September 16, 2014
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Path of being told to deliver more for less must end

To the Editor:

Recently, a few facts floated across my desk that impact seniors all across Rhode Island.

First, it appears that Rhode Island finally ranks number one in something. According to the 2010 U.S. Census, our state has the highest percentage of citizens over the age of 85. Why? No one knows. Apparently we live longer and stay here for our really golden years. Whatever the reason, it appears that more of our citizens choose to grow old in Rhode Island than in any other state.

Second, a study recently released by the Center for Gerontology and Health Care Research at Brown University shows that Rhode Island’s nursing home population is more frail and dependent than ever before. One ties into the other. It’s easy to understand that as we age, the more intensive our health care needs become and as our 85+ population continues to grow, so too will the need for long-term care services.

What’s interesting is that it’s long been touted that Rhode Island’s long-term care Medicaid costs exceed that of other states. Policymakers have argued that these costs need to be brought into line with counterparts throughout the country. Unfortunately, the impact of Rhode Island’s large percentage of elderly over the age of 85 – those who use nursing home care the most – is commonly overlooked.

The results of the 2010 census and the Brown study come at a time when state officials are redesigning the payment system for nursing homes to an acuity-based system. Therefore, never has it been more important to have a clear understanding of two trends: the number of Rhode Island’s elderly needing the intensive services provided in nursing homes is disproportionately large compared to other states; and the role of the skilled nursing facility has changed over the years. No longer convalescent homes, today’s facilities have morphed into centers providing intensive short-term rehabilitation and recuperation following a hospital stay or long-term care for Rhode Islanders with chronic, medically complex conditions.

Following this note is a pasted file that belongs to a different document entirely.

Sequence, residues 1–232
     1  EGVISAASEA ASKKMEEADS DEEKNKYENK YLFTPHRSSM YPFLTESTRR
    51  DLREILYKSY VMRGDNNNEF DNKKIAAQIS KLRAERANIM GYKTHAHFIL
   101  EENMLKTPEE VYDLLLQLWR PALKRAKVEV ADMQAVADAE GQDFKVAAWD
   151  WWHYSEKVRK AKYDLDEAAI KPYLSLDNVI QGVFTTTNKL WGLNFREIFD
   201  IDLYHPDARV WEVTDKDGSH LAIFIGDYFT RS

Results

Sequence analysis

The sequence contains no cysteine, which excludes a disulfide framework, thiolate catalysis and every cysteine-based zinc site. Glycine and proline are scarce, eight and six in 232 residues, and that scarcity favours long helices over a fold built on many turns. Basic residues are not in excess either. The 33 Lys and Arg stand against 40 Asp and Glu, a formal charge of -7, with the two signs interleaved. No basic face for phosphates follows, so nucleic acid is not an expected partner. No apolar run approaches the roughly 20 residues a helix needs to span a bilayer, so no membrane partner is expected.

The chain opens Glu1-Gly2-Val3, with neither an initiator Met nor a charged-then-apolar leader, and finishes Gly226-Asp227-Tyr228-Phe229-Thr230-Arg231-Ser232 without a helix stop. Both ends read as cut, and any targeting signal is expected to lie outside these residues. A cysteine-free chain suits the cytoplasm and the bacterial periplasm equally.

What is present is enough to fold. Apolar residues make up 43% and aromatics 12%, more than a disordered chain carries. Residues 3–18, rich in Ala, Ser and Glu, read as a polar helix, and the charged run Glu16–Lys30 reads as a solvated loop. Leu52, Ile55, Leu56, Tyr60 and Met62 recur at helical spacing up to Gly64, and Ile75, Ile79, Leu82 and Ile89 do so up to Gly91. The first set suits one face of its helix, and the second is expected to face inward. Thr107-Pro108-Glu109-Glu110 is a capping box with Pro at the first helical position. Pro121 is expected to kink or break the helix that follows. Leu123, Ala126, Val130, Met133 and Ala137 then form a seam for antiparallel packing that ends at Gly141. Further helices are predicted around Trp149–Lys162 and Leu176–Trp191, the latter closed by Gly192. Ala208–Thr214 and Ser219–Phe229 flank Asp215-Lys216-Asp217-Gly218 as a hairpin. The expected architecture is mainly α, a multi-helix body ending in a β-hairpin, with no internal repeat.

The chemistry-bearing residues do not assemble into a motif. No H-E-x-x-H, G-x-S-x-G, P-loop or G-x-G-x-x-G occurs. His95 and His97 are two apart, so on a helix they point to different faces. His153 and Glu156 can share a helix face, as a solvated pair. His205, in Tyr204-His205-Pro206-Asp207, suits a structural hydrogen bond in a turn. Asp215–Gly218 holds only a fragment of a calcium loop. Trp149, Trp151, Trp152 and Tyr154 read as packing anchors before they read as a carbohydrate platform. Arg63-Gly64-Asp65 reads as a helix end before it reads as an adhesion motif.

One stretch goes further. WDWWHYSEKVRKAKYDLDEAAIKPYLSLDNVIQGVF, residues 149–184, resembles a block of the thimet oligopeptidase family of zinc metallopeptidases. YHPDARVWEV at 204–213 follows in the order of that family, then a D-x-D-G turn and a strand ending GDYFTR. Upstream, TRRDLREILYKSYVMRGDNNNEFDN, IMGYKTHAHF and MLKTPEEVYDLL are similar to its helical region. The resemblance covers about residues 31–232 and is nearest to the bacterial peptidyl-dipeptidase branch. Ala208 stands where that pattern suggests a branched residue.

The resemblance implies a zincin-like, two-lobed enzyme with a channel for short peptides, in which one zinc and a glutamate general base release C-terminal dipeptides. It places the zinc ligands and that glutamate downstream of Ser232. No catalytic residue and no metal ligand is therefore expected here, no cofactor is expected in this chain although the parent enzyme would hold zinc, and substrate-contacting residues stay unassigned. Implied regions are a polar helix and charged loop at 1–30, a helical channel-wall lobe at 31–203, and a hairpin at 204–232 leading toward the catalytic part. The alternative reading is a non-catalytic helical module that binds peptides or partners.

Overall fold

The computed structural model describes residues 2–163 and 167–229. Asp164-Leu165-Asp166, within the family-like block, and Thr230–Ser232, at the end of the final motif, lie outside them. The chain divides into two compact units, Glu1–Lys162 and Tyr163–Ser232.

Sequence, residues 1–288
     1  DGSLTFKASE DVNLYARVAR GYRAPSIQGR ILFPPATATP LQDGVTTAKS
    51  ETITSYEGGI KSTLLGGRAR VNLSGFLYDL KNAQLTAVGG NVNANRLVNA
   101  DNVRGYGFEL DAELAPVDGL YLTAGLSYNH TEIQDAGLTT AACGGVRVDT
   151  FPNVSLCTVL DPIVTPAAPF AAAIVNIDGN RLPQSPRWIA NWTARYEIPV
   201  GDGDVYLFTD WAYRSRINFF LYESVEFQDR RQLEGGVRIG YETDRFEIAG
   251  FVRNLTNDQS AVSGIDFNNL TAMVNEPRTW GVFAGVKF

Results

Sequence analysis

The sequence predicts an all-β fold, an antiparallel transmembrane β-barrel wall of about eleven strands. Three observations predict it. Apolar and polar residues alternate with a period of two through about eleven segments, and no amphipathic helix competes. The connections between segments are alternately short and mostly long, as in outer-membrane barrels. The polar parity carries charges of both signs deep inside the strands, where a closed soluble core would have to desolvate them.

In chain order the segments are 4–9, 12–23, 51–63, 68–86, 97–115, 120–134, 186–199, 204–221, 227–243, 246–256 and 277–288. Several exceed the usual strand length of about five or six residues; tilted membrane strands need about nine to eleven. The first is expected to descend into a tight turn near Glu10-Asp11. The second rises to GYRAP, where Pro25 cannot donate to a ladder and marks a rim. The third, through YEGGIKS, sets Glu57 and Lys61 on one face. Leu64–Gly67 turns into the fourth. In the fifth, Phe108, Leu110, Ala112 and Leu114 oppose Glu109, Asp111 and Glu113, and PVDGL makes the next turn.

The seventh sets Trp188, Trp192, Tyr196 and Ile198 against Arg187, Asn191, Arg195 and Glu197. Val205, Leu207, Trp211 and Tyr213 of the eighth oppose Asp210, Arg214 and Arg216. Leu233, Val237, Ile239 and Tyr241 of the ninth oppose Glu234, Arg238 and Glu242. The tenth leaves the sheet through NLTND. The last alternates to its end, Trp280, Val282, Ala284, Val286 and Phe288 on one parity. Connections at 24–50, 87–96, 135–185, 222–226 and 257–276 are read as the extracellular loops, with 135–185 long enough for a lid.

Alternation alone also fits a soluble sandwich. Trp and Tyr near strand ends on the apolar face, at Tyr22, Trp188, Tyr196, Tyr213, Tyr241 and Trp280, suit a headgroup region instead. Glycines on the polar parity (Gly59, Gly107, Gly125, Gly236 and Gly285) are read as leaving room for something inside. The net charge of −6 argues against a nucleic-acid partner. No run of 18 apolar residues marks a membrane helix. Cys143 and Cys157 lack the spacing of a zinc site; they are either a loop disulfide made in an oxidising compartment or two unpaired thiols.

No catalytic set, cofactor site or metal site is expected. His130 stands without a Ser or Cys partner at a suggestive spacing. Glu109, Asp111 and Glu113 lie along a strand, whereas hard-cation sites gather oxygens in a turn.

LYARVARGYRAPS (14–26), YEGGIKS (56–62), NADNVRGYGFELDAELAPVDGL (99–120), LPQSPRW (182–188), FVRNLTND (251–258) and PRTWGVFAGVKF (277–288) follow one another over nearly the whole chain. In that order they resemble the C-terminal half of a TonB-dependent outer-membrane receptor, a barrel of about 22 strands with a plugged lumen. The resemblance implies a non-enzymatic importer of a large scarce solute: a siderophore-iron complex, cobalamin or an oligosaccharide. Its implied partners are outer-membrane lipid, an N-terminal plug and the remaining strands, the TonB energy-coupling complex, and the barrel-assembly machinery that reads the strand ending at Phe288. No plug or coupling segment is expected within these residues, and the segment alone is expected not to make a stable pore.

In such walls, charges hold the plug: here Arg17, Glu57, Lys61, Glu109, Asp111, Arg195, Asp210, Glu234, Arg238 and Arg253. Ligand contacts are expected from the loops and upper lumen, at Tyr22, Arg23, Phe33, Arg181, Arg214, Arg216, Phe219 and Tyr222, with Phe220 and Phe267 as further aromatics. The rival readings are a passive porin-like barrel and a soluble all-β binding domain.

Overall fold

While assisted living and home care services are touted as less costly alternatives to nursing home care, in fact these valuable services are designed for different populations. Only nursing homes deliver the level of care needed by those requiring 24-hour nursing services. Robbing Peter to pay Paul, i.e., shifting funds from nursing home care to community-based care – is not the answer. The entire long-term care system needs to grow to reflect Rhode Island’s changing demographics.

Despite the legislature’s original intent to align payments to skilled nursing providers to the acuity of those they care for, there seems to be an inclination on the part of the Administration to develop a payment system that doesn’t account for the additional resources needed to care for a growing “old old” population. People in Rhode Island’s nursing homes require more staffing, more therapies, more medication and more resources than ever before, yet the funding for these services has been cut by millions of dollars in recent years.

Eventually the path of being told to deliver more with less has to end. Unless policymakers begin to realize the needs of Rhode Island’s demographics, we will continue to sell short the needs of our oldest generation. Currently, Rhode Island ranks among the top states in terms of quality care in nursing homes, according to nationally reported quality indicators. On January 1, when the new payment system is scheduled to go into effect, access and quality to nursing home services could change drastically. Seniors across the state should be aware of that.

Last year, our legislators asked for the development of a payment system based on meeting the growing needs of nursing home residents. It’s up to the Department of Human Services to deliver that system. In doing so, the Administration should be mindful that the care of our most frail and dependent population should never be compromised to balance the bottom line.

Joan M. Woods,
Chair, Rhode Island Health Care Association
Executive Administrator, Grand Islander Center, Genesis HealthCare


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